COPENHAGEN, DenmarkRadiation in 6 fractions per
week is significantly better than the same dose given on a more leisurely
5-fractions-per-week schedule for treating squamous-cell head and neck cancer,
according to investigators from the Danish Head and Neck Cancer Study Group (DAHANCA).
Jens Overgaard, MD, of Aarhus University Hospital, Aarhus,
Denmark, Hanne Sand Hansen, MD, of Rigshospitalet, Finsen Centre, Copenhagen,
and their colleagues reported data from a large randomized controlled trial
comparing the two schedules in the September 20 issue of The Lancet
(362:933-940, 2003). They also reported the results at the ECCO 12 meeting in
"Six fractions per week is significantly more effective
than 5 fractions per week with regard to 5-year locoregional control, primary
tumor control, voice preservation in laryngeal cancer, and disease-specific
survival," Dr. Hansen told ONI. The 6-fractions-per-week schedule
is now standard treatment for head and neck cancer in Denmark.
The 6/wk schedule did not improve outcomes for patients with
N2 or N3 tumors, and Dr. Hansen said that the research group is now planning a
combined approach with radiation and surgery for such patients.
The trial randomized 1,476 patients with invasive squamous-cell
carcinomas of the head and neck to 5 (n = 726) or 6 (n = 750) fractions per
week of radiotherapy. Radiotherapy was given with 4 to 6 MV photons to standard
fields including the primary tumor and involved lymph nodes. The minimum tumor
dose was 62 to 68 Gy, with larger tumors receiving larger doses.
The idea behind the accelerated 6-fractions-per-week
schedule is that it might improve tumor control by reducing the development of
resistant clones, which are thought to arise through radiation-induced
accelerated proliferation of clonogenic tumor cells.
The trial included two subprotocols: DAHANCA 6, including
all glottic carcinomas, and DAHANCA 7, including tumors of the supraglottic
larynx, pharynx, and oral cavity. Patients with distant metastases were
All patients except those with glottic cancer also received
nimorazole as a radiosensitizer given at 1,200 mg/m2 orally with the first 30
radiation treatments, to a total dose of about 36 g/m2. Nimorazole was given 90
minutes before radiation.
The investigators noted that in other countries many of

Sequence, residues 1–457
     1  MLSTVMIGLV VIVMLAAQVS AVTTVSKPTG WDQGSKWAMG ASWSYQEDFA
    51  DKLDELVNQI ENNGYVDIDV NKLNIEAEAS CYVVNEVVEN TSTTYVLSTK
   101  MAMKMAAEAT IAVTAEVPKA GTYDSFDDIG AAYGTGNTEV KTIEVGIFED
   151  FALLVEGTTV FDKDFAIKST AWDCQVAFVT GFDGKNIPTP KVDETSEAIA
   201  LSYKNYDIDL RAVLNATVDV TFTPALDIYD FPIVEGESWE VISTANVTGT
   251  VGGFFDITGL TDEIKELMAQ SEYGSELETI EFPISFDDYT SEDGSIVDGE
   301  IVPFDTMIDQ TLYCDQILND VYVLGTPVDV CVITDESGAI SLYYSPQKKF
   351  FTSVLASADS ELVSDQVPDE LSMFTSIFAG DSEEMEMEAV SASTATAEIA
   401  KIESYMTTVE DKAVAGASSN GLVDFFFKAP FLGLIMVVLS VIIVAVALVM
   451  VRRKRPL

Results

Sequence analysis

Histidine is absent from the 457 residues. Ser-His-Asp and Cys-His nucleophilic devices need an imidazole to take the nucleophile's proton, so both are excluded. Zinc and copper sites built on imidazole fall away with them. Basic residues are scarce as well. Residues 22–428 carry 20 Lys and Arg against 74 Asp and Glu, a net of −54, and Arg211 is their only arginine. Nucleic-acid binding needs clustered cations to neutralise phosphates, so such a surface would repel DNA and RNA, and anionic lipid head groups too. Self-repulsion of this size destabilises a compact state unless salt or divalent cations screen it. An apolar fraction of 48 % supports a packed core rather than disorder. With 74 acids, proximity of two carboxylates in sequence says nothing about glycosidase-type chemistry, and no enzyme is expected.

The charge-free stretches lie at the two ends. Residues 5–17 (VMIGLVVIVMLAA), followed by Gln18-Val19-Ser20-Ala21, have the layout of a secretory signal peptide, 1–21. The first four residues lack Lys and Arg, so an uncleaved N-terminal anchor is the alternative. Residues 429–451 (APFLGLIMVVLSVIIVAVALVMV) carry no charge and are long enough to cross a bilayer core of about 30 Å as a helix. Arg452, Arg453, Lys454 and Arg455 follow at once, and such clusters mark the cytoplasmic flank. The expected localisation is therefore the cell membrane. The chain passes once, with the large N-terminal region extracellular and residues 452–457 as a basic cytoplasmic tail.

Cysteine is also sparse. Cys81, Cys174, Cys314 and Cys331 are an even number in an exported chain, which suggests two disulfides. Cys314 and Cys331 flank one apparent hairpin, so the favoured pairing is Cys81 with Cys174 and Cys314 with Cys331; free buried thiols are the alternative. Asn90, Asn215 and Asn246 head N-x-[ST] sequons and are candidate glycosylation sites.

these patients might be treated initially by surgery, but the Danish standard
is primary radiotherapy because it is more organ conserving and leaves more
patients with voice intact.
The primary study endpoint was locoregional control, defined
as "complete and persistent disappearance of disease in the primary tumor
and regional lymph nodes after radiotherapy." The study was powered to
detect an improvement in locoregional control from 55% to 65%.
The accelerated schedule produced better locoregional
control than a conventional schedule with identical dose and fractionation
(odds ratio 0.66) (see Table). The accelerated schedule also significantly
improved disease-specific survival (odds radio 0.71) but did not improve
Analysis of tumor-site (T site) and nodal-site (N site)
failures showed that the entire benefit was due to improved disease control at
the primary tumor site. This was also demonstrated by significantly higher
preservation of the larynx and voice in patients with laryngeal cancer (80% vs
68%, P = .007).
There was a significant increase in acute confluent
mucositis with the 6- vs 5-fractions-per-week schedule (53% vs 33%, P
< .0001), and the mucositis persisted longer in the 6/wk patients. "The
mucositis subsides spontaneously. We treat it with local analgesics and with
antibiotics and antiviral medication if necessary," Dr. Hansen said. All
mucositis resolved within 3 months of the start of treatment.
"The window of opportunity for the benefit of
acceleration is narrow, and with the applied radiation technique, a 1-week
reduction seems to be the optimum balance between improved tumor control and
avoidance of excess late morbidity," the investigators said in The
Patients with large nodal burden (N2-N3) did not benefit
from the accelerated schedule, regardless of the tumor site. Those with no or
small nodal involvement had substantially better locoregional control with the
6/wk schedule. The reduction in treatment time was also more beneficial to
patients with moderately to well-differentiated tumors than to those with
poorly differentiated tumors.
The researchers suggest that the mechanism of repopulation in squamous-cell
head and neck carcinomas might resemble the repair mechanisms of normal mucosa:
The primary tumor might respond to the trauma of irradiation with a typical
epithelial attempt at quick recovery. "Furthermore, the reaction might be
controlled by signaling from the surrounding normal mucosa, and the response
is, therefore, seen only in the T site and not in the nodal metastases,"